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How to Keep Your Kids Safe From Cyberbullying

By Len Canter
HealthDay Reporter

FRIDAY, March 15, 2019 (HealthDay News) -- No type of bullying is acceptable, but cyberbullying can be harder for parents to spot because it takes place via cellphone, computer or tablet, often through social media.

Cyberbullying can be a hateful text message or post of embarrassing pictures, videos and even fake profiles of the victim. Victims are often bullied in person, too, and have a harder time escaping it.

But unlike facing a bully at school, cyberbullying can happen 24/7, even when your child is home with you. Messages and images can be posted anonymously and spread in no time. And it can be difficult or even impossible to find the culprit.

The consequences of being cyberbullied are far-reaching. Young victims are more likely to use alcohol and drugs, skip school, lose self-esteem and develop health problems.

What can parents do? The website Stopbullying.gov recommends being proactive -- talk with your kids about cyberbullying, including why they should never bully others, and encourage them to tell you about any incident right away. Friending or following your kids on social media may help you know if they become the victims of unwanted postings.

More tips for parents:

  • Teach kids not to share anything that could hurt or embarrass them or others to avoid retaliation.
  • Regularly check your kids' social network pages to look for signs of bullying behavior, such as mean images of another child.
  • Tell your kids to talk to you if an online message or image makes them feel threatened or hurt.
  • Encourage your kids to speak up if they see cyberbullying happening to someone else, and not to engage in the bullying by forwarding posts.

If your child is cyberbullied, print and save screenshots, emails and texts for evidence. He/she should not react to the bully, but should block and/or delete him/her from their friends lists. Block the user name, email address and phone number. If your child finds a profile that was created or altered without his/her permission, contact the site to have it taken down.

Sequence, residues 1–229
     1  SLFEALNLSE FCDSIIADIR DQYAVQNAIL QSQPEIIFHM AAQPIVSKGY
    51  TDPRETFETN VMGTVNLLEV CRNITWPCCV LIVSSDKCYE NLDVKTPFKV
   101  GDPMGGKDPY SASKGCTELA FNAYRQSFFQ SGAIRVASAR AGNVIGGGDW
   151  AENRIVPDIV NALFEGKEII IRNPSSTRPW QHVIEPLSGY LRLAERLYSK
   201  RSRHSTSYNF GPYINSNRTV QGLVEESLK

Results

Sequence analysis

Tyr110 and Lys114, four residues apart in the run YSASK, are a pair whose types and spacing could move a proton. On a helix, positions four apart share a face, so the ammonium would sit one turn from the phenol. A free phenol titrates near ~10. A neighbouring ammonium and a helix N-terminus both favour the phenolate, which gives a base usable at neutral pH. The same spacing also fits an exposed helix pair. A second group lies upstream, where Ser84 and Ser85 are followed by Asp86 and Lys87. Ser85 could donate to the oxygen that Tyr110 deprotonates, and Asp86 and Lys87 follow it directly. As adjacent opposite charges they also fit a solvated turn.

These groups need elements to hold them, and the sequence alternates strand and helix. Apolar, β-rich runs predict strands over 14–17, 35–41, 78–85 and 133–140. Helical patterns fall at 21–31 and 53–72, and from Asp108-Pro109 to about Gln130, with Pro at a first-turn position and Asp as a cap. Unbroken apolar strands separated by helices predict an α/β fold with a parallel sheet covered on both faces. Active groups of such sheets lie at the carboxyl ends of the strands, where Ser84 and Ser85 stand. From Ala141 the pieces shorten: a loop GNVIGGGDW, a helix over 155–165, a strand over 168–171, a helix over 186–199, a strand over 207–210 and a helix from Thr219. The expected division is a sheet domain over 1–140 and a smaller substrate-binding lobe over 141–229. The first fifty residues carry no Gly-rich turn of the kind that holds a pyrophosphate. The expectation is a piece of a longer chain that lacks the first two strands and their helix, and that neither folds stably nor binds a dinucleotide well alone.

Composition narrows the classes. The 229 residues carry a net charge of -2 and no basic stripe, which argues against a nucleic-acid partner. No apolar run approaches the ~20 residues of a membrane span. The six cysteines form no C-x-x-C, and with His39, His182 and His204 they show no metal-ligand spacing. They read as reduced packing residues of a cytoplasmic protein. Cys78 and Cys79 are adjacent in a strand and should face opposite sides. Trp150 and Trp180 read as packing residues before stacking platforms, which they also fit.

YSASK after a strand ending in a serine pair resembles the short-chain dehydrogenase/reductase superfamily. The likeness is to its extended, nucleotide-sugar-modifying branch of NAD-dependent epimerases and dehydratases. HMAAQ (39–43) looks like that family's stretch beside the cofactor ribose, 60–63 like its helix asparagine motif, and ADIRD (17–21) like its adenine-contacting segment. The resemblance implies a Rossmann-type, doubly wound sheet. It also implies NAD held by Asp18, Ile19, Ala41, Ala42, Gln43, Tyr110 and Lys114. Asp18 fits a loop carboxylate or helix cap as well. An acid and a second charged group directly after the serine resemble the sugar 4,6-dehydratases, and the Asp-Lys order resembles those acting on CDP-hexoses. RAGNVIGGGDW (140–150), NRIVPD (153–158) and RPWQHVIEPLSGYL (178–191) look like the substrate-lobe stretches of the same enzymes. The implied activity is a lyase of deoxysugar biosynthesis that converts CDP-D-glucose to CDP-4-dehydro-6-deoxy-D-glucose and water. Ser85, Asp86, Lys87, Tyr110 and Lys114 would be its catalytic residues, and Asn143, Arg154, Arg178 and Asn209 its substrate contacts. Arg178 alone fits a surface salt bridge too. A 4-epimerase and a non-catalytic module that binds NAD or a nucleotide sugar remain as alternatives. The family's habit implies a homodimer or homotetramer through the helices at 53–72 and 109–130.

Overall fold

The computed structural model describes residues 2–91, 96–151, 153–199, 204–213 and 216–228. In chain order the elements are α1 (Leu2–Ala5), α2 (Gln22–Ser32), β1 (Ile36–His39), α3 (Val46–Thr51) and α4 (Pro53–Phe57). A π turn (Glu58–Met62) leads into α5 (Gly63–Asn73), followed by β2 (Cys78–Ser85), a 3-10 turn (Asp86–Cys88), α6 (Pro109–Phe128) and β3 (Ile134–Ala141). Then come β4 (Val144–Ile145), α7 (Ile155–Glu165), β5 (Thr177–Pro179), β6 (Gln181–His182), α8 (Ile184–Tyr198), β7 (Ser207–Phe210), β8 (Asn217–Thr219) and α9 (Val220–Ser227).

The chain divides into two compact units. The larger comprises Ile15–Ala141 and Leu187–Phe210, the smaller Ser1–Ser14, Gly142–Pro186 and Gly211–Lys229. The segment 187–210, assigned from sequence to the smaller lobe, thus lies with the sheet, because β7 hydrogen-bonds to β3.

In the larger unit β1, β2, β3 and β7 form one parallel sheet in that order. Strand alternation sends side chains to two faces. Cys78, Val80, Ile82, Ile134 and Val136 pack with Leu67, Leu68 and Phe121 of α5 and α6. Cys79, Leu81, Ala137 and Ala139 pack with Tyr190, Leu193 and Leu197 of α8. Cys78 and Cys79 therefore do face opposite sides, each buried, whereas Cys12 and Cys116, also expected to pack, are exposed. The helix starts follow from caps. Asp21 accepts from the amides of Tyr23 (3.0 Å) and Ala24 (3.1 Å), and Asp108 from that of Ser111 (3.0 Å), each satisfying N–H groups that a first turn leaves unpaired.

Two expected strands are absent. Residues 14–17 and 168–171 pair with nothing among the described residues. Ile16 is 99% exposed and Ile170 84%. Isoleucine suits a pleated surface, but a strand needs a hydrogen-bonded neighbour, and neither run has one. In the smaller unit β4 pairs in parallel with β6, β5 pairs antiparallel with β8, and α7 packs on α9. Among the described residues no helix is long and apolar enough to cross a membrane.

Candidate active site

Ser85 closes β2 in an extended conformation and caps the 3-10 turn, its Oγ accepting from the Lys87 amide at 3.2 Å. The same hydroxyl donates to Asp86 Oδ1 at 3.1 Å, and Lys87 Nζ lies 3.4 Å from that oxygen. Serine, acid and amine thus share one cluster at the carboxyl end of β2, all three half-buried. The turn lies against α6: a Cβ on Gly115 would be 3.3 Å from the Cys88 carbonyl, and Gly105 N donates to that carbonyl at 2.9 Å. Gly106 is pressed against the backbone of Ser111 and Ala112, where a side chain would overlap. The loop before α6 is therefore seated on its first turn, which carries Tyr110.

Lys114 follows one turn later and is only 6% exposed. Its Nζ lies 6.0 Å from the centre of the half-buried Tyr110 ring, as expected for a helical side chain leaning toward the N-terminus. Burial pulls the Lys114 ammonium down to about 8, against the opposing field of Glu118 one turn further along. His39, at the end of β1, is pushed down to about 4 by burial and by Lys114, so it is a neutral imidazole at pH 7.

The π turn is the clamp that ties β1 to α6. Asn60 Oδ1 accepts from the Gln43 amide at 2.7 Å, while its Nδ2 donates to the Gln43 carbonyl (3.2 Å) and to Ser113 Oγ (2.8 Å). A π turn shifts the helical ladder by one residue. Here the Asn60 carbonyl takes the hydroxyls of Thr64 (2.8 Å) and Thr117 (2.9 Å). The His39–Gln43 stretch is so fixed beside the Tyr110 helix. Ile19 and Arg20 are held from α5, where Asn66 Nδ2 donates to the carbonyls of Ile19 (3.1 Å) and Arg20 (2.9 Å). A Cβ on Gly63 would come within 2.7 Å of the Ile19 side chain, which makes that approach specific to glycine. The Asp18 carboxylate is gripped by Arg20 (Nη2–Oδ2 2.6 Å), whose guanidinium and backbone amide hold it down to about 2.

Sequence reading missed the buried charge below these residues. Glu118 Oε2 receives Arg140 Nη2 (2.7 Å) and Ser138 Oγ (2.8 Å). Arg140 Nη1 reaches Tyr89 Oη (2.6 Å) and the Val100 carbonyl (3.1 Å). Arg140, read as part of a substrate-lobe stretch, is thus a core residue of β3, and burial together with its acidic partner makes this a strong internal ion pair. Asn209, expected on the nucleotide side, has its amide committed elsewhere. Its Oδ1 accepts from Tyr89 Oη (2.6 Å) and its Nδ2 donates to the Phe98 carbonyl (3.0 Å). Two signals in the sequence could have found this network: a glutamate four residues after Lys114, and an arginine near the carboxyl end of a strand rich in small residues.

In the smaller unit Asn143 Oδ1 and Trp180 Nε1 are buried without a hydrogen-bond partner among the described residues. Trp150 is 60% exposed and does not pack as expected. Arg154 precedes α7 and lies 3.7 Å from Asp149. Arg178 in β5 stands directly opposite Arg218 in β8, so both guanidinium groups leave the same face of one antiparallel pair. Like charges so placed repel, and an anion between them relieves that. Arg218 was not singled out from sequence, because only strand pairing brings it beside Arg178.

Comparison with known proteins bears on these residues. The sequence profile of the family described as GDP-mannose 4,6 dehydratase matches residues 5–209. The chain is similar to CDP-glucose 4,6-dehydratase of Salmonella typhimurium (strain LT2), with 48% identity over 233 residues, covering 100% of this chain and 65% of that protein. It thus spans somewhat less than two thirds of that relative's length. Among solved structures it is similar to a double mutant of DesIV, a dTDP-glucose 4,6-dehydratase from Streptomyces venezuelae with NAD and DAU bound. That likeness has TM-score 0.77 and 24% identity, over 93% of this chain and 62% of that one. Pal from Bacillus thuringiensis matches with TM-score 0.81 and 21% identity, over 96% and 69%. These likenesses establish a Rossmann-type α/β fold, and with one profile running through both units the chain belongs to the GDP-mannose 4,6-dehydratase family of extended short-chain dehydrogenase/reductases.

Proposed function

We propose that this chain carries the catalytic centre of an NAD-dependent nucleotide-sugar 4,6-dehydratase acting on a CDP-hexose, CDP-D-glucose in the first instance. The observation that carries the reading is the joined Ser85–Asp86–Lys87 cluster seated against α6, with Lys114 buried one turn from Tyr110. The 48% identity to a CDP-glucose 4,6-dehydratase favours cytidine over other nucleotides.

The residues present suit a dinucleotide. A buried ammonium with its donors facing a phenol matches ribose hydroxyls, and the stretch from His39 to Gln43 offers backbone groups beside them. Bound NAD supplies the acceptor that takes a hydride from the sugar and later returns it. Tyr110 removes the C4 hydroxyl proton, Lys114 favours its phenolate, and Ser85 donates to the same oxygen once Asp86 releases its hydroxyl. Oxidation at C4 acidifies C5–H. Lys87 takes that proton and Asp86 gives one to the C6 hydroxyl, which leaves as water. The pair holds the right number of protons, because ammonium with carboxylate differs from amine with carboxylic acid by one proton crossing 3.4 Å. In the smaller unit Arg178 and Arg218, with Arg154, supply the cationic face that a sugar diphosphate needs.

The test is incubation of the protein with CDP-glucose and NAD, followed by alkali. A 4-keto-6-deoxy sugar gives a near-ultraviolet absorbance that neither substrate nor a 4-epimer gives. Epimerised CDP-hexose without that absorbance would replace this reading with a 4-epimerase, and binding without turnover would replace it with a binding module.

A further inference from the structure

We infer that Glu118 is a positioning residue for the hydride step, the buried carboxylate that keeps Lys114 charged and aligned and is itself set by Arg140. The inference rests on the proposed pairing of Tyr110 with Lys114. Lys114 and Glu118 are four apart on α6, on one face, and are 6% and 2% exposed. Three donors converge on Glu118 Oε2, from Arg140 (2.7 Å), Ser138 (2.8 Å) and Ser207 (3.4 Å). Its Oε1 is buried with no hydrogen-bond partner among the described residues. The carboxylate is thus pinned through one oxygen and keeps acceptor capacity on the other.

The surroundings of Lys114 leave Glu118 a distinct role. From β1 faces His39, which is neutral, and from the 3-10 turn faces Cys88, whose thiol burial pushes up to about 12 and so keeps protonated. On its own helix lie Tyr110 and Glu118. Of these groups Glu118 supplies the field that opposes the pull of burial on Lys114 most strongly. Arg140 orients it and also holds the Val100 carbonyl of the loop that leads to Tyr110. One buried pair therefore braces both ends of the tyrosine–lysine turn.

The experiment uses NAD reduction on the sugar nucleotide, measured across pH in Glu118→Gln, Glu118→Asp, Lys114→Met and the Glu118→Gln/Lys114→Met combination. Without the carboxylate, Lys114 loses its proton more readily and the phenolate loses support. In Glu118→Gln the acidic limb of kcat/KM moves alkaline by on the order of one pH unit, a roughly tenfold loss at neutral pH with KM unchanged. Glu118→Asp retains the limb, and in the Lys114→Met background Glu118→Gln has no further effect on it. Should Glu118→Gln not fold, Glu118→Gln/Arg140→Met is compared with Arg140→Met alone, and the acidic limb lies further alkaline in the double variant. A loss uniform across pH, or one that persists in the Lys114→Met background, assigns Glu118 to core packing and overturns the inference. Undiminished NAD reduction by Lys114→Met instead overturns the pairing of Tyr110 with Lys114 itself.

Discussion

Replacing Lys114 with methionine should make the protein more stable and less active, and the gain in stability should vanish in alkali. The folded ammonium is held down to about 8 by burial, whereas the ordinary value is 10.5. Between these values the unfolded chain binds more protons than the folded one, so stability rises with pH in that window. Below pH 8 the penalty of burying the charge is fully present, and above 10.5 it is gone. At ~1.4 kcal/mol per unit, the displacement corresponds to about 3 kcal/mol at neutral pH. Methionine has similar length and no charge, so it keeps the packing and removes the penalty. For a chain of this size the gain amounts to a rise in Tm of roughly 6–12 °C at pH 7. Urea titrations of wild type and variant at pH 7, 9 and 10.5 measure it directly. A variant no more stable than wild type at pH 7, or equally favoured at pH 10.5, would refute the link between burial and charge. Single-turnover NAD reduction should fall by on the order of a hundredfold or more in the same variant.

Report cyberbullying to your online service provider, and go to its safety center to block users and limit who can contact your child. Report cyberbullying that involves a crime to police.

Contact law enforcement if cyberbullying involves:

  • Threats of violence.
  • Child pornography or sexually explicit messages or photos.
  • Any photo or video of someone in a place where he or she would expect privacy.
  • Stalking.
  • A hate crime.

Also report incidents to your child's school. The school can use the information to help with prevention and response strategies.

More information

Stopbullying.gov has more about cyberbullying and how to combat it.

Copyright © 2019 HealthDay. All rights reserved. URL:http://consumer.healthday.com/Article.asp?AID=742901

Resources from HONselect: HONselect is the HON's medical search engine. It retrieves scientific articles, images, conferences and web sites on the selected subject.
Parents
The list of medical terms above are retrieved automatically from the article.

Disclaimer: The text presented on this page is not a substitute for professional medical advice. It is for your information only and may not represent your true individual medical situation. Do not hesitate to consult your healthcare provider if you have any questions or concerns. Do not use this information to diagnose or treat a health problem or disease without consulting a qualified healthcare professional.
Be advised that HealthDay articles are derived from various sources and may not reflect your own country regulations. The Health On the Net Foundation does not endorse opinions, products, or services that may appear in HealthDay articles.


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